It's safe to say that the recent filmography of Robin Williams has been dismal at best. Compare films such as RV, Man of the Year, and License to Wed to his Oscar-winning performance in Good Will Hunting, and you'll get an idea about just how far this actor has fallen off the map. With World's Greatest Dad, Williams is given his meatiest and most ambitious role in years, and although he comes through as a performer, the film's premise turned me off from the get go. I might be the wrong person to review a film like this because many people have seemed to enjoy it, but I don't like comedies that make me feel like a bad person when I laugh, and I don't like films that want me to care about repulsive people. Watching this film was inexplicably uncomfortable.

Lance Clayton (Williams) is a pretty repulsive guy, but writer/director Bobcat Goldthwait presents him in an effort to provoke pity. He's an aspiring novelist. In fact, he's been writing books for years, but has never been able to get published. He has dreams beyond his current job as a poetry teacher, but it doesn't seem likely that he will ever achieve them. He has a son, Kyle (Daryl Sabara), but that's hardly a bright spot in his life. Kyle is a disgusting human being, and I cringed every moment he was on screen. Sabara does a fine job in the role, but Goldthwait goes way over the top with the vulgarity of the character.

Lance is secretly dating Claire (Alexie Gilmore), a chipper art teacher half his age. One night, she takes Lance and Kyle to Outback Steakhouse, and by the time Lance gets home, his life has turned upside down. Explaining what happens might or might not be considered a spoiler, but it's safe to say that I have no desire to spell it out in words. The thematic point of the incident is supposed to be a newfound opportunity for Lance. His writing is suddenly renowned for reasons you might not expect, and he enjoys this unjust praise without any apparent disturbance.

World's Greatest Dad is a film that starts off being about hideous people, and as the story develops, I realized the only thing that changes is that the people become more hideous. Williams does all he can with the role -- and he does do a fine job -- but Goldthwait weighs him down immeasurably. The sympathy we are supposed to feel for Lance is as nonexistent as this man's conscience. I was sickened by watching this man gain success and fame the way he did. Worst of all, the film tries to solve this lack of true sympathy in the last minute of the film, making the entire premise of the project more worthless in the process.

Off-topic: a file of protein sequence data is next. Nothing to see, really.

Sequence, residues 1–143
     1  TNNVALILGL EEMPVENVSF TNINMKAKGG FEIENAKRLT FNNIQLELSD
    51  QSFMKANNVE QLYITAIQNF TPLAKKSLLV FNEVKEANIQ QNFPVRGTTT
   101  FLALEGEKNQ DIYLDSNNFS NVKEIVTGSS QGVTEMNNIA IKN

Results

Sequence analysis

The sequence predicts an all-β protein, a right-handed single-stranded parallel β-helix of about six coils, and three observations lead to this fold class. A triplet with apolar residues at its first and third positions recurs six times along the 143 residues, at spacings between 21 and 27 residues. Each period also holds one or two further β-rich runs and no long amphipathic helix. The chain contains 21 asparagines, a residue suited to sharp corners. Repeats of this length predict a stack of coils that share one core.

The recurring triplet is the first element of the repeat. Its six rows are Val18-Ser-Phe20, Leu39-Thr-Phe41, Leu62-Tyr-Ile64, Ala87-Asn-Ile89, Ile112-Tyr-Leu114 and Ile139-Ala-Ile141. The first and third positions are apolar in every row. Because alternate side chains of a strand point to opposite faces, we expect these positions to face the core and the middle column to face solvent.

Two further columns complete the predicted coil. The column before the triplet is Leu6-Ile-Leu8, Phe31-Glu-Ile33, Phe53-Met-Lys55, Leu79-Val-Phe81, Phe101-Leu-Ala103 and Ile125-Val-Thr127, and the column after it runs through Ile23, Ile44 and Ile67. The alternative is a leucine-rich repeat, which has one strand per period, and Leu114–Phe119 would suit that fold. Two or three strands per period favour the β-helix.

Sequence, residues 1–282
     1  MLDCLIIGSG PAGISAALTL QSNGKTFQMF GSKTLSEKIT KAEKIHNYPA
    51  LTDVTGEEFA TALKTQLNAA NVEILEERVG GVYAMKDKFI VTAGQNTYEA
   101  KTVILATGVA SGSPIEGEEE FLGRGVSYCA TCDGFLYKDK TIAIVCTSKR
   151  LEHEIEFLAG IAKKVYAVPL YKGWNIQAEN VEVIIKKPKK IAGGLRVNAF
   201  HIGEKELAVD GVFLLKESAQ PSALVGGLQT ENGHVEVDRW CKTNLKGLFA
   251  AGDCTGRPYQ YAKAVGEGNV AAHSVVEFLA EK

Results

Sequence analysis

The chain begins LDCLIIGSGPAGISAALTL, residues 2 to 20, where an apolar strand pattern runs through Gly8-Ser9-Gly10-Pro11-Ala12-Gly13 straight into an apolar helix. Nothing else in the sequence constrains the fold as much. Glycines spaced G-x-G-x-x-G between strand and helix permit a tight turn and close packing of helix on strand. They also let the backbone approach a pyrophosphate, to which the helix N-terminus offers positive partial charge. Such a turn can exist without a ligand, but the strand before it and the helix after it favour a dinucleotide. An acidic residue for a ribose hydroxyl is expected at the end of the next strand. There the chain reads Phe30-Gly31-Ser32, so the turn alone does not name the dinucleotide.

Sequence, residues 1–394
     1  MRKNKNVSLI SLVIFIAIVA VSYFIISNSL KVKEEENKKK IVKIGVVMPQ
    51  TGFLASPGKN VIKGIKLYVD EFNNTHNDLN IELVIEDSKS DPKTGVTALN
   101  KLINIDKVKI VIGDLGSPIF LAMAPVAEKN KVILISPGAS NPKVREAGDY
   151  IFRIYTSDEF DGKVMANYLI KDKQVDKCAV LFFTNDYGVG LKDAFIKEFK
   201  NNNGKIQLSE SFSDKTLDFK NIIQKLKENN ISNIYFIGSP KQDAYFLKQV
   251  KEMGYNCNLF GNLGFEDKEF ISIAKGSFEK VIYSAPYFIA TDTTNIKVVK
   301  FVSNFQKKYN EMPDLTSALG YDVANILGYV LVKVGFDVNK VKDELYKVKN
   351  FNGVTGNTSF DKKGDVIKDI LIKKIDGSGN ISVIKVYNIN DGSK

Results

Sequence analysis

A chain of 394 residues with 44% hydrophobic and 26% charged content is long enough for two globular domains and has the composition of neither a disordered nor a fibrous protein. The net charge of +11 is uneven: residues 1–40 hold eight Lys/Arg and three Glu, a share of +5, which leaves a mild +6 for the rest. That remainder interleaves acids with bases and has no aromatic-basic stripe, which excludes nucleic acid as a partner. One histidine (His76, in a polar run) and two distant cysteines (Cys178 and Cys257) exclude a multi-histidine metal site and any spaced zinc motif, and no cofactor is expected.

Watching a film like this makes me appreciate even more what a guy like Jason Reitman is able to do with his films. He takes people who do unflattering things -- whether it be endorsing tobacco or laying off people in dozens -- and he makes an honest and believable effort to get us to care about them. Goldthwait never reaches that type of success, and perhaps he doesn't want to, but I don't see the point in investing time in a revolting protagonist, only to see him become more revolting as time goes on. 

With all of this being said, the most important thing to know about World's Greatest Dad is that it relies heavily on the personality of its audience. If you are able to stomach content like this and still be able to laugh at it, then you will have a ball with this film. There are many satirical, deadpan moments throughout the film, and even though I couldn't bring myself to laugh at them, that isn't to say that this film doesn't have its fair share of clever moments. It's just not my cup of tea.

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